“It was an education... for Peaky Blinders!
“He did work for Birmingham Corporation and worked on everything from gypsies’ horses – he knew a lot of them – to police horses.
“We’d go over to Cradley Heath, where the Black Country women were as strong as oxes.”
Being the youngest of seven was, he says, ‘‘good fun’’.
“My parents had two boys, two girls, then three more boys. They just kept going!
“I always wanted to write from when I was really young and thought that, one way or another, I would make a living from it.”
Only one brother went to university – to read maths in the north east – but he left after a few months. So Steven is the only one with a degree, in English Literature from University College London.
He then worked as a copywriter/producer for a Birmingham advertising agency before moving on to Capital Radio, where the seeds for Millionaire were first sown as a radio game.
“It doesn’t help you to become a writer to get a degree in English, but it did me no harm,” says Steven.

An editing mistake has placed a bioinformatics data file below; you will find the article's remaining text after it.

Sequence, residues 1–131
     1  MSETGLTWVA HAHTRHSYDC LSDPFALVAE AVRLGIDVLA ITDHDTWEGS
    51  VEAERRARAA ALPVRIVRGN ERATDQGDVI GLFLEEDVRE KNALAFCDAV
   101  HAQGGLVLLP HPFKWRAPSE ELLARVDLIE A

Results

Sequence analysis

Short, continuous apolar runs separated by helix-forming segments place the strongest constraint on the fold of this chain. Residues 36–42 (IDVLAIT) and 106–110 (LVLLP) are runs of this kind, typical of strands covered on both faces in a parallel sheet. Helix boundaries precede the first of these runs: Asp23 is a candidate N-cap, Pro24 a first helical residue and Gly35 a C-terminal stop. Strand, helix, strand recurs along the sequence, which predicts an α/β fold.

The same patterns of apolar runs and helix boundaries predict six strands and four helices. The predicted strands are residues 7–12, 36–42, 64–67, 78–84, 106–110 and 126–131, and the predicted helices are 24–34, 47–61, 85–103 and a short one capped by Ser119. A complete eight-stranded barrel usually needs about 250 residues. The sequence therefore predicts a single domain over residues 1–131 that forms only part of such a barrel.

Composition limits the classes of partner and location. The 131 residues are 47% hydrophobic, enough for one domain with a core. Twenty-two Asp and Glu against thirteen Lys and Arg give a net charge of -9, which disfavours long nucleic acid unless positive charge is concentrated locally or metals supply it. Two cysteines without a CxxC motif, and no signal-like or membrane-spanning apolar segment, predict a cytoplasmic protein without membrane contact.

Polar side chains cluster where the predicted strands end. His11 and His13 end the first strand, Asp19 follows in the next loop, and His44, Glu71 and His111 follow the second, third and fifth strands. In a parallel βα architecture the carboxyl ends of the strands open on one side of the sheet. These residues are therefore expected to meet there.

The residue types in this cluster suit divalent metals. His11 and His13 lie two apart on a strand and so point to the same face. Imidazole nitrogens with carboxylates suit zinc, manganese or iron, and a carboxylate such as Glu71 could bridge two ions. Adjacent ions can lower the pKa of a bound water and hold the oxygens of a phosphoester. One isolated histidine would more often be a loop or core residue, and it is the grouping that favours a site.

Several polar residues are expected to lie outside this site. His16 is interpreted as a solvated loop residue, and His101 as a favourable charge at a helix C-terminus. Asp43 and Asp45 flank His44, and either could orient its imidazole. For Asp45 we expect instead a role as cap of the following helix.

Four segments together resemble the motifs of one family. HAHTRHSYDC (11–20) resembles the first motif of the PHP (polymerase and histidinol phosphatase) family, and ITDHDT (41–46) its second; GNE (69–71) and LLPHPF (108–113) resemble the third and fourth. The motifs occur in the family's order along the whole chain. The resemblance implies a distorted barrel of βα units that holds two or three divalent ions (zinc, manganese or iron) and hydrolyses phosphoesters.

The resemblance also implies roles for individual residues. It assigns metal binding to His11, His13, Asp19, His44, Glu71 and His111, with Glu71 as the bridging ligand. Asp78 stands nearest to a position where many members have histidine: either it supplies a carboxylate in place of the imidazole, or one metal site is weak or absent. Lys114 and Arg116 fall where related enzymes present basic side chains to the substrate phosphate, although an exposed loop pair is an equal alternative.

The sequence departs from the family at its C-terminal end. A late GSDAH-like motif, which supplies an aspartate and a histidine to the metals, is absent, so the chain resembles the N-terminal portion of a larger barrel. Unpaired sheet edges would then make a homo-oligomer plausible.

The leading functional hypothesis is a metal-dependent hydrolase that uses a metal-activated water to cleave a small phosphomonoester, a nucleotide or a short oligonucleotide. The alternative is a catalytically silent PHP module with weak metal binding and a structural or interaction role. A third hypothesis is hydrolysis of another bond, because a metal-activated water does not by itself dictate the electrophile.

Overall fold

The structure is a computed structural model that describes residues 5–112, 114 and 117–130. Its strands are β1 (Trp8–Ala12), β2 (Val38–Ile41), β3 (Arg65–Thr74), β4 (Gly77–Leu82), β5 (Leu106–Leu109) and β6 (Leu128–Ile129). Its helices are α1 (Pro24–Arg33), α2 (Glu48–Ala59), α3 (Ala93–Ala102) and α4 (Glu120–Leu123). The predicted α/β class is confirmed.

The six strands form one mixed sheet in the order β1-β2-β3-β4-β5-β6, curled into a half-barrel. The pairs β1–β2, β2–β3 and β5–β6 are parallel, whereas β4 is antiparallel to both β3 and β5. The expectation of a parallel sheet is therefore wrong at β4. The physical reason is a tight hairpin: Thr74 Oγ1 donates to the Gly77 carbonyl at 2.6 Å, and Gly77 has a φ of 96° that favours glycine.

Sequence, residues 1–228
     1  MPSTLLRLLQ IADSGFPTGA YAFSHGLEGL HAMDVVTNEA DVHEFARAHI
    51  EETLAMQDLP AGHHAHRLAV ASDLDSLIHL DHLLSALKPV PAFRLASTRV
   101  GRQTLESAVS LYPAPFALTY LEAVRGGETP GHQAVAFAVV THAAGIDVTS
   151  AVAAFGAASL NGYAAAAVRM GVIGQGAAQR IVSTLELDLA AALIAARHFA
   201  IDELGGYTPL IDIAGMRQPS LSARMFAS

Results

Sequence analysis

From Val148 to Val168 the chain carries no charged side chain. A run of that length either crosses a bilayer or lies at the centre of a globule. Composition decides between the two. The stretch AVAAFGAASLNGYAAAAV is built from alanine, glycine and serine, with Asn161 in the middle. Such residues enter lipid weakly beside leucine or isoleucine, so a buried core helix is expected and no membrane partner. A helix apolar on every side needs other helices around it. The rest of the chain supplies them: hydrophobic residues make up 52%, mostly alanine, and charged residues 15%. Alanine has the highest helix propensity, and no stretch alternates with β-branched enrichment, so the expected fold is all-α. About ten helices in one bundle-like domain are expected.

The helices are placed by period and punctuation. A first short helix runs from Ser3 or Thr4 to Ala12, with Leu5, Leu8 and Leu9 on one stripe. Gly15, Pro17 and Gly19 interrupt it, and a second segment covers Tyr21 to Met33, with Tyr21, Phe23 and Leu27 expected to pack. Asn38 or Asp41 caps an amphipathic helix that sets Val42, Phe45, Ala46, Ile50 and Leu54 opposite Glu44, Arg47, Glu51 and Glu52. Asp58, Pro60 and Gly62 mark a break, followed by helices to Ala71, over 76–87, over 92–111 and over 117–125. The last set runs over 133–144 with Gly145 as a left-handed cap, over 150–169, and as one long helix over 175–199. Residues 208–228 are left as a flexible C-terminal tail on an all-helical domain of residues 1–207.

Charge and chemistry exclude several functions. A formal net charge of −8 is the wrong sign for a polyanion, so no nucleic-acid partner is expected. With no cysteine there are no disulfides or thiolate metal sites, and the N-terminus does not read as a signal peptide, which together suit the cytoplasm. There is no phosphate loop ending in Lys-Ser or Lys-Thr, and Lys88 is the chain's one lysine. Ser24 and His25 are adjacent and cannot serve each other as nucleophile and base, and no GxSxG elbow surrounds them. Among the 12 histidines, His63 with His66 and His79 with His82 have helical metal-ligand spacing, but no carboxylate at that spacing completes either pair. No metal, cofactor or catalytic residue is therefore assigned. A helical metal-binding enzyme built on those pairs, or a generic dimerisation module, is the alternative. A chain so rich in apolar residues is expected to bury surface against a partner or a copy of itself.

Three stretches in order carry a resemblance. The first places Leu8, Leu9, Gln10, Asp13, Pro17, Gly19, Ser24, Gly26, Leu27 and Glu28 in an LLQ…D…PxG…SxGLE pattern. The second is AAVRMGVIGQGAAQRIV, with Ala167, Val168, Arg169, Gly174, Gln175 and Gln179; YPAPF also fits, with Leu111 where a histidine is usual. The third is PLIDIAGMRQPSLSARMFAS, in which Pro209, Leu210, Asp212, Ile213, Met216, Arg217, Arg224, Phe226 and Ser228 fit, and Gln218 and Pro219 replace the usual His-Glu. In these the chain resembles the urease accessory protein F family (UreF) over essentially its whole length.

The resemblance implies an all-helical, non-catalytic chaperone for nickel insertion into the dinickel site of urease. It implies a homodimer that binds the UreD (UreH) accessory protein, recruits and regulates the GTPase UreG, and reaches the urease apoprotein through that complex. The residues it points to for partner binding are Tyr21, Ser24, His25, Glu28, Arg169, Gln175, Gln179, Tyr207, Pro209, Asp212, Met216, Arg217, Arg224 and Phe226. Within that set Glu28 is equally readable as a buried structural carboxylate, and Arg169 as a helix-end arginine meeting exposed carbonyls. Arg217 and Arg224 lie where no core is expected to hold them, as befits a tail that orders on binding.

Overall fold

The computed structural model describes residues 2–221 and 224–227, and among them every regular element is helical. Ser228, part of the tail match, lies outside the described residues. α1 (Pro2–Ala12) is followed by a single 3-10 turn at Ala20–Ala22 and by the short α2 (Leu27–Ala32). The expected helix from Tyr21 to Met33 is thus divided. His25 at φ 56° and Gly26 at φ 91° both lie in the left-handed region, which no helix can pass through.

“I used to enjoy Joseph Conrad who was like a Brummie Shakespeare to me – we must claim him as our own!”
Steven also worked with Jasper Carrott on TV shows like Canned Carrott, The Detectives and the unlikely sitcom All About Me, about a mixed-race Birmingham family as seen through the eyes of a teenager with cerebral palsy.
“Writing comedy is the best education,” says Steven. “Even if you are in a pub and if you get one word wrong, or stumble in your delivery, it doesn’t work.
“Comedians like Jasper are the most precise, because everything has to be exactly right to get the laugh.”
Michael Apted directed his script for Amazing Grace (2006), a Birmingham-influenced film about William Wilberforce’s campaign to abolish slavery.
At the UK premiere of Locke, Jasper adds: “What makes Steven successful is that he has always had a bit of a social conscience.”
In the long run, and at the Academy Awards sometime in the future, that Birmingham sense of fairness and justice will be the making of Steven Knight.
And then you can bet your bottom dollar that Birmingham will no longer be invisible.